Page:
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Exclusive: Ofsted's approach to lesson observation 'is from the dark ages'

A leading educational psychologist argues that, unless every inspector goes into lessons with the same checklist, they are open to 'prejudices and partialities'

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A leading educational psychologist argues that, unless every inspector goes into lessons with the same checklist, they are open to 'prejudices and partialities'

Ofsted’s approach to lesson observation is open to “prejudices and partialities”, a leading educational psychologist has concluded.

Brian Apter believes that the fact that Ofsted does not issue its inspectors with a checklist of behaviours to track during lessons leaves the watchdog's inspections in “the dark ages”.

"There’s a place for systemised structure in observation of classrooms,” Dr Apter, a Cardiff University researcher, said. “If you don’t have that, then you’re open to masses of prejudices and partialities.

“The only way you can protect a school from an inexperienced Ofsted team is by giving them a very robust method.”

He believes that to avoid inaccurate and partial inspections all inspectors must go through the same checklist of teacher and pupil behaviours, including teacher tone, teacher volume and the amount of time the teacher spends speaking.

'Human nature'

Stephen Gorard, professor of education and public policy at Durham University, agreed. “It’s clear that observations can be biased by the contexts in which they take place,” he said. “That’s just human nature, isn’t it?

“If there were a clear checklist, the advantage would be that you’re able to get an unbiased reading. The checklist would have to cope with variation, but be systematic enough to overcome bias.”

Rosamund McNeil, head of education at the NUT teaching union, said: “Because they’re so driven by data and numbers, sometimes inspectors do go into schools with fixed ideas in their heads.

“We need consistency in inspections. It’s important that inspectors are measuring the right things. At the moment, inspectors are too narrowly focused on the numbers.”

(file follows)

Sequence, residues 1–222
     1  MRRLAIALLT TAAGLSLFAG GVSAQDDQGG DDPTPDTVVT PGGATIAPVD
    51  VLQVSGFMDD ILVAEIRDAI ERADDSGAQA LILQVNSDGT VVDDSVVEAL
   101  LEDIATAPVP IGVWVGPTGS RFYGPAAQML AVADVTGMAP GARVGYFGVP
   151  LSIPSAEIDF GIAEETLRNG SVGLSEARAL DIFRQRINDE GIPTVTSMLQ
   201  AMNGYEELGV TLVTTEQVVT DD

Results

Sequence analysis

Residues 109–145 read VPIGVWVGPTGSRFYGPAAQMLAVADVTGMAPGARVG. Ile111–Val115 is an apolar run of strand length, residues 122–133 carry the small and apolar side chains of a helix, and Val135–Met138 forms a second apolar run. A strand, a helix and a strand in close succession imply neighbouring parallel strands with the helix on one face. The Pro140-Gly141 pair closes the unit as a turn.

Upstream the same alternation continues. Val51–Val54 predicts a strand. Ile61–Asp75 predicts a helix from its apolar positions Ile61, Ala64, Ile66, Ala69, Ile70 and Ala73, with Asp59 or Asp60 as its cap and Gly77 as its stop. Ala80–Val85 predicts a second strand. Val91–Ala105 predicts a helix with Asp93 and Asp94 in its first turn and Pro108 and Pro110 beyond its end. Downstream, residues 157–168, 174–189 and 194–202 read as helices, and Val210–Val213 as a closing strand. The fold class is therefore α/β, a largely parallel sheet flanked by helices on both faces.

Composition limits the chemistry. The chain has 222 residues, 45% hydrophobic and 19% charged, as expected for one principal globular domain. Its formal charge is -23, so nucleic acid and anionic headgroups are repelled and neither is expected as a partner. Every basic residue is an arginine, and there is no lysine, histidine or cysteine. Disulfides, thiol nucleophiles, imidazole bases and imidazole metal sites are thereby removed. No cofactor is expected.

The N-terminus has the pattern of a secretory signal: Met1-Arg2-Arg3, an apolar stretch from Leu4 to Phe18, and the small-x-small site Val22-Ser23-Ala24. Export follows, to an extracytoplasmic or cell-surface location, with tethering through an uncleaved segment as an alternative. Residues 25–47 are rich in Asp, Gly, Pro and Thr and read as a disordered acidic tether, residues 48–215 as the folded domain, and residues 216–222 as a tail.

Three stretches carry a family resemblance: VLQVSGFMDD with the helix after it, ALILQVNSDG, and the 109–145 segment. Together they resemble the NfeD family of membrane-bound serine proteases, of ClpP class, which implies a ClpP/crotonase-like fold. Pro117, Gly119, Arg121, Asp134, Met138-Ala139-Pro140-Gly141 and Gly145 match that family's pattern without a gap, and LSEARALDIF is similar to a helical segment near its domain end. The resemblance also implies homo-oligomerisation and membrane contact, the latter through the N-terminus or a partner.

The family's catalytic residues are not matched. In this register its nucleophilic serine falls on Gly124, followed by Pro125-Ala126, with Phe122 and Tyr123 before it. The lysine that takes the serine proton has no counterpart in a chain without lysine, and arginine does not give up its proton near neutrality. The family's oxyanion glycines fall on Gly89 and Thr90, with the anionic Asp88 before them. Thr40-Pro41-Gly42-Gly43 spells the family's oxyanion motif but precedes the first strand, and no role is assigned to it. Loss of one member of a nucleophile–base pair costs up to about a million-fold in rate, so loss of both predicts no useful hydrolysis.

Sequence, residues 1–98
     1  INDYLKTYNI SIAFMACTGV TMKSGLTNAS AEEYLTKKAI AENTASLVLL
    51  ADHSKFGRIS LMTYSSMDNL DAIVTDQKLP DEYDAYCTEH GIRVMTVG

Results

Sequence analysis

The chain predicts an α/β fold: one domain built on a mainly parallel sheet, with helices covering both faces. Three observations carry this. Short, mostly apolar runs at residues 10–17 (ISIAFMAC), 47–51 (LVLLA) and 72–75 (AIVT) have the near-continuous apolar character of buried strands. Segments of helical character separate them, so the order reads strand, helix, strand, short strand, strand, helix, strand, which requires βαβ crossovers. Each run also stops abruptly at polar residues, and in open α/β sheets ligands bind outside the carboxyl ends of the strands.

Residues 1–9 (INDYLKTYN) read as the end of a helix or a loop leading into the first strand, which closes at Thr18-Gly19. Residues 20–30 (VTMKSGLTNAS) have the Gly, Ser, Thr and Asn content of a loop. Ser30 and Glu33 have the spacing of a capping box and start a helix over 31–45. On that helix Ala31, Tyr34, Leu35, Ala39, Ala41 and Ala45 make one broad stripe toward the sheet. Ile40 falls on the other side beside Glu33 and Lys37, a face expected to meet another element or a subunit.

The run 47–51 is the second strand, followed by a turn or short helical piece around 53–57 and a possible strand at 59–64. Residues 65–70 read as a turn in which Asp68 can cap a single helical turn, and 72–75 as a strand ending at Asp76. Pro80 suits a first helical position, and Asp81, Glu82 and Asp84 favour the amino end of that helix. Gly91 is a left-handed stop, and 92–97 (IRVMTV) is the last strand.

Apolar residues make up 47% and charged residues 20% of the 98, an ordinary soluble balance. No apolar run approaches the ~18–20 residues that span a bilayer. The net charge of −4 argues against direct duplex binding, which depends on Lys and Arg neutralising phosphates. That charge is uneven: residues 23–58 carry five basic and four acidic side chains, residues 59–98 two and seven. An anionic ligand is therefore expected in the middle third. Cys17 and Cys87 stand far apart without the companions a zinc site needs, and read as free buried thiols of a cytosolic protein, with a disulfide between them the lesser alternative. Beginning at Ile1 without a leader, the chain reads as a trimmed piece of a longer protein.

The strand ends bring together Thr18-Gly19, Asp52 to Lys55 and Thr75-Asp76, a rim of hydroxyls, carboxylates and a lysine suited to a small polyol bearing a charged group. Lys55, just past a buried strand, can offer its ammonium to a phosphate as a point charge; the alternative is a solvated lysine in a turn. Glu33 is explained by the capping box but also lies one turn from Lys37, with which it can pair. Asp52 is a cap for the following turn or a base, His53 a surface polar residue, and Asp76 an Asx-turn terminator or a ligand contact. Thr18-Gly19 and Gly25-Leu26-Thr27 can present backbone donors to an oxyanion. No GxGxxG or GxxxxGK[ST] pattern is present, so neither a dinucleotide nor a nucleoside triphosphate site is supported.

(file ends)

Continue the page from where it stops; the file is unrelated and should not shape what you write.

Dr Apter is chairman of the British Psychological Society’s division of educational and child psychology, but conducted his research into lesson observation in an independent capacity.

“Without looking at actual behaviour in an actual classroom in a measurable way, I think all Ofsted is going on is a mixture of second-hand opinion and the school’s best guess," he said. "It’s not accurate. It’s just not accurate.

“To me, it’s the dark ages of school observation and lesson observation.”

'Firmly based on evidence'

Ofsted confirmed that it has no checklist for lessons. It said that all guidance on observation is contained in its school-inspection handbook. But the handbook’s only advice on how lesson observations should be conducted is: “Inspectors may engage in…observing learning in lessons, during which they may observe activities, talk with pupils about their work and scrutinise pupils’ work.”

A spokesperson for the watchdog pointed out that all its inspectors undergo rigorous training programmes to ensure that they understand the inspection framework, and are able to make consistent and reliable decisions.

“Inspectors will collect information about the quality of teaching, learning and assessment in lessons and from other learning activities,” she said. “They will also look at workbooks and talk to pupils to gauge their level of understanding and learning.

“All inspection findings and ratings are quality-insured by other inspectors before they are finalised, to make sure that they are firmly based on evidence.”

This is an edited article from the 7 July edition of Tes. Subscribers can read the full article here. To subscribe, click here. To download the digital edition, Android users can click here and iOS users can click here. This week's Tes magazine is available in all good newsagents. 

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